Galloway, S., Work, T., Bochsler, V., et al. (2007) Coral Disease and Health Workshop: Coral Histopathology II. NOAA Technical Memorandum NOS NCCOS 56 and CRCP 4. National Oceanic and Atmospheric Administration, Silver Spring, MD.
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Gladfelter, E. H. (1932) Circulation of fluids in the gastrovascular system of the reef coral Acropora cervicornis. The Biological Bulletin, 165(3).

Goldberg, W. M. (2002). Feeding behavior, epidermal structure and mucus cytochemistry of the scleractinian Mycetophyllia reesi, a coral without tentacles. Tissue and Cell, 34(4).

Goldberg, W. M. (2002). Gastrodermal structure and feeding responses in the scleractinian Mycetophyllia reesi, a coral with novel digestive filaments. Tissue and Cell, 34(4).

Goreau, T. F. (1956) A study of the Biology and Histochemistry of Corals. Ph. D. thesis, Yale University.

Grimmelikhuijzen, C. J., & Westfall, J. A. (1995). The nervous systems of cnidarians. In EXS (Vol. 72).

Lang, J. (1984) Whatever works: The variabie importance of skeletal and of non-skeletal shcaracters in scleractinian taxonomy. Paleontographica Americana 54, 18-44.

Lang, J. C., & Chornesky, E. (1990). Competition between scleractinian reef corals – a review of mechanisms and effects. In Ecosystems of the world. Volume 25: Coral reefs (Vol. 25).

Lesser, M. P., Mazel, C. H., Gorbunov, M. Y., & Falkowski, P. G. (2004). Discovery of symbiotic nitrogen-fixing cyanobacteria in corals. Science, 305(5686).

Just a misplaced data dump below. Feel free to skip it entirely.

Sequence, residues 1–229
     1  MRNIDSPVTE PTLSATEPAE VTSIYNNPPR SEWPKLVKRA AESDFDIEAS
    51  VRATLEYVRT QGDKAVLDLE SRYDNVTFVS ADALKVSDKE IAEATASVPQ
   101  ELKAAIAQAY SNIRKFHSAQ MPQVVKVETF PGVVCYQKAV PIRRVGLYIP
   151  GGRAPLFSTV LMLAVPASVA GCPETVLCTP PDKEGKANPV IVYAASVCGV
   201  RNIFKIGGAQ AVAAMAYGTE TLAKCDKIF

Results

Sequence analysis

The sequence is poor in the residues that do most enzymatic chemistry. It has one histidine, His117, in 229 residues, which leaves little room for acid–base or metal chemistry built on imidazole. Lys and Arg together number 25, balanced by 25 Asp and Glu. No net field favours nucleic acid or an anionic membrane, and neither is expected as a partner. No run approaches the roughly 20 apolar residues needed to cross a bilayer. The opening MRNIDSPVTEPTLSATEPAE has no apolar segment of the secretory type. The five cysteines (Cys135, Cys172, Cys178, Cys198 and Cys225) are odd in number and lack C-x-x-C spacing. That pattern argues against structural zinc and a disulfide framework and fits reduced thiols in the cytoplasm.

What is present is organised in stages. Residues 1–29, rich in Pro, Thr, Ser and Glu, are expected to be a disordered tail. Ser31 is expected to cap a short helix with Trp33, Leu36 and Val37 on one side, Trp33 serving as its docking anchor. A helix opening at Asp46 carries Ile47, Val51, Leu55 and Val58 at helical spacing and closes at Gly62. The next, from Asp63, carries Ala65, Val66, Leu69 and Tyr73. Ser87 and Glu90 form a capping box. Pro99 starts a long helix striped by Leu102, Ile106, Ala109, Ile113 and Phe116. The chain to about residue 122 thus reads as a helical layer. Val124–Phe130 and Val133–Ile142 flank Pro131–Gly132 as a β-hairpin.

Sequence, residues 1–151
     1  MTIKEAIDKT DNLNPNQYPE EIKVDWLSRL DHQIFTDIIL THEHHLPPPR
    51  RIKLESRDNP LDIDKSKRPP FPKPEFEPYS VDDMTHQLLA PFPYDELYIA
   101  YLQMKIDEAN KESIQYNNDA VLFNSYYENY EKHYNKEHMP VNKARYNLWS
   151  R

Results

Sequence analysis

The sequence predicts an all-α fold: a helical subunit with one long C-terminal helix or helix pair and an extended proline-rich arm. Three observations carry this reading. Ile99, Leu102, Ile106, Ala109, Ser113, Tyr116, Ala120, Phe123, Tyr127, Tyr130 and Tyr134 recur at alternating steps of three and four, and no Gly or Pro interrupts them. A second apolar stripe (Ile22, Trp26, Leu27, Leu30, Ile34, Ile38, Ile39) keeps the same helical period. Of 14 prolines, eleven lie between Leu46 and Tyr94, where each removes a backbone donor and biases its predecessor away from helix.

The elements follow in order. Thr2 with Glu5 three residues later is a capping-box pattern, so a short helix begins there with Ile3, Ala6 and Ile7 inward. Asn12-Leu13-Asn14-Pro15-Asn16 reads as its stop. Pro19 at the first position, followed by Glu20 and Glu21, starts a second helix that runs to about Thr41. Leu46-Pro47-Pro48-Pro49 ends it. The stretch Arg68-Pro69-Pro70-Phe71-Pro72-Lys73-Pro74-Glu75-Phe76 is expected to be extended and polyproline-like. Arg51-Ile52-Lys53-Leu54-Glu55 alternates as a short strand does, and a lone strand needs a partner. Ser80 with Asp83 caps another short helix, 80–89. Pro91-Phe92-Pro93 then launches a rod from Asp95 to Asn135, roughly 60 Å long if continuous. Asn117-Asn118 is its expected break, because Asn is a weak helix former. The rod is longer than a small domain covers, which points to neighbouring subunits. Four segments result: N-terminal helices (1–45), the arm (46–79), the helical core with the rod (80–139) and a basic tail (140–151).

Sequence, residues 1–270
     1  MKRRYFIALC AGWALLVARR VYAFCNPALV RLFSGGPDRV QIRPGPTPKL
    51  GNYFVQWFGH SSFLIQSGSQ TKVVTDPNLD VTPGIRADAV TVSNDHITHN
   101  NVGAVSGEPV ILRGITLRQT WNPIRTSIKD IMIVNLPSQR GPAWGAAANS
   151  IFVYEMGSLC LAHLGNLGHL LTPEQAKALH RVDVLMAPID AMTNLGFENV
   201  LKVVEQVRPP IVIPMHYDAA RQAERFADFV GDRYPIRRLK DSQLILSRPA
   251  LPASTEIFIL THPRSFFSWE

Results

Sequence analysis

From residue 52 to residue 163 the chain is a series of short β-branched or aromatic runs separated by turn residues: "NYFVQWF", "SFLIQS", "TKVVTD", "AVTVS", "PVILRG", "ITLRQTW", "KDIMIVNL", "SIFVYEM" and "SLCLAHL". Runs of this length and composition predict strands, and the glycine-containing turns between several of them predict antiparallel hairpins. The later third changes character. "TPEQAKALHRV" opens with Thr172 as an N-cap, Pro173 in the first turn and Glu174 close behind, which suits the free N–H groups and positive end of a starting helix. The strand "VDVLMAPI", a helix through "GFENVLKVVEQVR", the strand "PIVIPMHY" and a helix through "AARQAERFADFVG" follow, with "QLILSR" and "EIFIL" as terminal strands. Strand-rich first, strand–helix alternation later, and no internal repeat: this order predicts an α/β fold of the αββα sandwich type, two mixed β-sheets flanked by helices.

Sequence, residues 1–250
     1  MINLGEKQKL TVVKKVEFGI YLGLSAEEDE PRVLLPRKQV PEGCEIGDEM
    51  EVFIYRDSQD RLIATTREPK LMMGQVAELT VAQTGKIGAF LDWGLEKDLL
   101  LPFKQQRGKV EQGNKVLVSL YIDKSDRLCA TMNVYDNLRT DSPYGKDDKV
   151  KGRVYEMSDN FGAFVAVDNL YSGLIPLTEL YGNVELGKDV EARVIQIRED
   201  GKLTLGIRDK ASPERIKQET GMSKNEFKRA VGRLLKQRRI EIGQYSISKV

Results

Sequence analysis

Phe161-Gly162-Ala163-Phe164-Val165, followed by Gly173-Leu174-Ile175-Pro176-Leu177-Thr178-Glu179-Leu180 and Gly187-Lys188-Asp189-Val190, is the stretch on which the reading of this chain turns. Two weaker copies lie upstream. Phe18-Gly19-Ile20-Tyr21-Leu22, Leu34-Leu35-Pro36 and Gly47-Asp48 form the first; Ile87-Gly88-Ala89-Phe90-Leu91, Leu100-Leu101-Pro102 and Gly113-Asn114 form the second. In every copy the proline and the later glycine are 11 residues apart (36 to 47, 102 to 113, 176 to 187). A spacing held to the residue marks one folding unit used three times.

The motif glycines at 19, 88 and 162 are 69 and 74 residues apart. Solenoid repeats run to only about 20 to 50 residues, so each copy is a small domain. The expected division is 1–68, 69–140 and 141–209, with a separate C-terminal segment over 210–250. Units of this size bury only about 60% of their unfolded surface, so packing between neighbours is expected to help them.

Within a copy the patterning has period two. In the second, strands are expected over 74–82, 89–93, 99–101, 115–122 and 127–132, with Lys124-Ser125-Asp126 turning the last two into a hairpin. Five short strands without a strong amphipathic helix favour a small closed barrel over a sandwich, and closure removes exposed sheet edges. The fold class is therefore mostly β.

Marshall, A. T., & Wright, O. P. (1993). Confocal laser scanning light microscopy of the extra-thecal epithelia of undecalcified scleractinian corals. Cell & Tissue Research, 272(3).

Martindale, M. Q., Pang, K., & Finnerty, J. R. (2004). Investigating the origins of triplosblasty: “Mesodermal” gene expression in a diploblastic animal, the sea anemone Nematostella vectensis (phylum, Cnidaria; class, Anthozoa). Development, 131(10).

Mullen, K., Peters, E., and harvell, C. (2004) Coral resistance to disease, in Coral Health and Disease (eds E. Rosenberg and Y. Loya). Springer-Verlag, Berlin, pp. 377-399.

Muscatine, L., Ferrier-Pagès, C., Blackburn, A., Gates, R. D., Baghdasarian, G., & Allemand, D. (1998). Cell-specific density of symbiotic dinoflagellates in tropical anthozoans. Coral Reefs, 17(4).

Muscatine, L., Tambutte, E., & Allemand, D. (1997). Morphology of coral desmocytes, cells that anchor the calicoblastic epithelium to the skeleton. Coral Reefs, 16(4).

Nothdurft, L. D., & Webb, G. E. (2009). Clypeotheca, a new skeletal structure in scleractinian corals: A potential stress indicator. Coral Reefs, 28(1).
Östman, C. (2000). A guideline to nematocyst nomenclature and classification, and some notes on the systematic value of nematocysts. Scientia Marina, 64(SUPPLEMENT 1).

Palmer, C. v., Bythell, J. C., & Willis, B. L. (2010). Levels of immunity parameters underpin bleaching and disease susceptibility of reef corals. The FASEB Journal, 24(6).

Palmer, C. v., Modi, C. K., & Mydlarz, L. D. (2009). Coral fluorescent proteins as antioxidants. PLoS ONE, 4(10).

Palmer, C. v., Mydlarz, L. D., & Willis, B. L. (2008). Evidence of an inflammatory-like response in non-normally pigmented tissues of two scleractinian corals. Proceedings of the Royal Society B: Biological Sciences, 275(1652).

Peters, E., (1984) A Survey of the Normal and Pathological Histology of Scleractinian Corals with Emphasis on the Effects of Sedimentation Stress. Ph. D. dissertation, University of Rhode Island.

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Petes, L. E., Harvell, C. D., Peters, E. C., Webb, M. A. H., & Mullen, K. M. (2003). Pathogens compromise reproduction and induce melanization in Caribbean sea fans. Marine Ecology Progress Series, 264.

Puverel, S., Tambutté, E., Zoccola, D., Domart-Coulon, I., Bouchot, A., Lotto, S., Allemand, D., & Tambutté, S. (2005). Antibodies against the organic matrix in scleractinians: A new tool to study coral biomineralization. Coral Reefs, 24(1).